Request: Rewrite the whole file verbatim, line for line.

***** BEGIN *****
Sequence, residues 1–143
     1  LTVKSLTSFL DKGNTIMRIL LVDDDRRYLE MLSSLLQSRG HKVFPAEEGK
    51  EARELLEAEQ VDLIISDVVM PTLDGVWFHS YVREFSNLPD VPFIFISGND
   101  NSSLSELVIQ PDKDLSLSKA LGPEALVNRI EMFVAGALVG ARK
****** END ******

Sequence, residues 1–143
     1  LTVKSLTSFL DKGNTIMRIL LVDDDRRYLE MLSSLLQSRG HKVFPAEEGK
    51  EARELLEAEQ VDLIISDVVM PTLDGVWFHS YVREFSNLPD VPFIFISGND
   101  NSSLSELVIQ PDKDLSLSKA LGPEALVNRI EMFVAGALVG ARK